fracking

Courtesy of UT Bureau of Economic Geology

A major earthquake-monitoring network is up and running across Texas.

Thanks to an interactive website hosted by TexNet, you can now see where quakes are happening and learn about them in real time. The tool could be useful for the growing number of people who’ve felt earthquakes here.

Cooper Neill / Texas Tribune

From the Texas Tribune: The controversial oil and gas extraction technique known as hydraulic fracturing can contaminate drinking water under certain circumstances, according to a long-anticipated U.S. Environmental Protection Agency report released Tuesday.

Mose Buchele/KUT

Over the last several years, scientists, including those at the U.S. Geological Survey and the Environmental Protection Agency, have linked an increase in earthquakes in Texas to oil and gas activity. But, industry and Texas state regulators remain reluctant to publicly acknowledge it.  Now, a study that looks at the quakes from space might put more pressure on them to do so.


Spencer Selvidge/Texas Tribune

Aubrey McClendon was a pioneer in the world of fracking who ushered in an American energy boom.  So it was big news when the former head of Chesapeake Energy was indicted on anti-trust charges last week.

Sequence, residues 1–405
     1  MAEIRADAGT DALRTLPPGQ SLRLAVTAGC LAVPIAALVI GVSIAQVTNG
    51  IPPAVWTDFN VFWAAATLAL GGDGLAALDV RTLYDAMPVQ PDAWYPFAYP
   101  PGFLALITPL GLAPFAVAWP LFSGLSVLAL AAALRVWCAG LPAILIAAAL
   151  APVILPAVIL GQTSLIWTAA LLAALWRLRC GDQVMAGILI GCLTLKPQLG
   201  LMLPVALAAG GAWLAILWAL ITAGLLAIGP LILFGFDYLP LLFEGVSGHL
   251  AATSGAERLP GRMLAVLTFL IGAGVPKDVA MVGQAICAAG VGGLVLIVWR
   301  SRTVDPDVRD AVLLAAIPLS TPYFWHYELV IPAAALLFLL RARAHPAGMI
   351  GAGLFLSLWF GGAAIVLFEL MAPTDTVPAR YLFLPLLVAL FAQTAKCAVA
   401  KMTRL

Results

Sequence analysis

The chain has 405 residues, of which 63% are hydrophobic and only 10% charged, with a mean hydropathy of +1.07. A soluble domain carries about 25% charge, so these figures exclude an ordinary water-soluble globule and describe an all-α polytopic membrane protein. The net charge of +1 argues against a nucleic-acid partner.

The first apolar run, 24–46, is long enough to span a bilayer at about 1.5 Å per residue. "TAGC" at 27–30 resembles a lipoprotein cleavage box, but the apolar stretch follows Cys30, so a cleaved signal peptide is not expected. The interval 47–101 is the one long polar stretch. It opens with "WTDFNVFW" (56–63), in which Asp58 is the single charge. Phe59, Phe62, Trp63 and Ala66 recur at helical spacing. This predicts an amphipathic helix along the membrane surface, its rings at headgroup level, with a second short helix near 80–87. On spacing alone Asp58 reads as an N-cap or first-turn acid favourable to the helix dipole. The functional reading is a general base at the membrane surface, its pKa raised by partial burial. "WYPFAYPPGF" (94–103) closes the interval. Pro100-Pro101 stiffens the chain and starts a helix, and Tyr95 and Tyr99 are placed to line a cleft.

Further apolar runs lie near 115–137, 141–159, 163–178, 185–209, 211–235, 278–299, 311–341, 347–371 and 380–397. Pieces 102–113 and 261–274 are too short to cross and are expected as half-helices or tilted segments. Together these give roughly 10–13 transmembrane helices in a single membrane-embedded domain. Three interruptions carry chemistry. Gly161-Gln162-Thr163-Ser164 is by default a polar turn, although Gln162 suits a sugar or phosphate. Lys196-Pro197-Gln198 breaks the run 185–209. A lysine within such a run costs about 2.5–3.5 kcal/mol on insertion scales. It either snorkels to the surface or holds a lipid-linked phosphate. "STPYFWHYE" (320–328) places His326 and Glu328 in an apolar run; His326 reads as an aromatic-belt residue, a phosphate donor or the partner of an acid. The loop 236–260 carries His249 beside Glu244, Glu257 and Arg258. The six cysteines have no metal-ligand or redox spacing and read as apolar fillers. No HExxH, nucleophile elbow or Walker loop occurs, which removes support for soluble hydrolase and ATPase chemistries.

When McClendon died in a fiery car wreck a day later, it sent shockwaves through the business world. Investigators are looking into the crash. But what of the charges that preceded it? 


Mose Buchele/KUT News

This year state lawmakers severely restricted the ability of Texas towns to regulate local oil and gas drilling.

A law known as House Bill 40 was a reaction to a fracking ban passed by voters in the North Texas city of Denton.

Denton has come to represent local fracking bans and clashes between local governments and the oil and gas industry. But while Denton was the first city in Texas to ban fracking, it wasn't the first city to ban drilling within city limits.

That practice goes back years, according to a survey by the Texas Municipal League.

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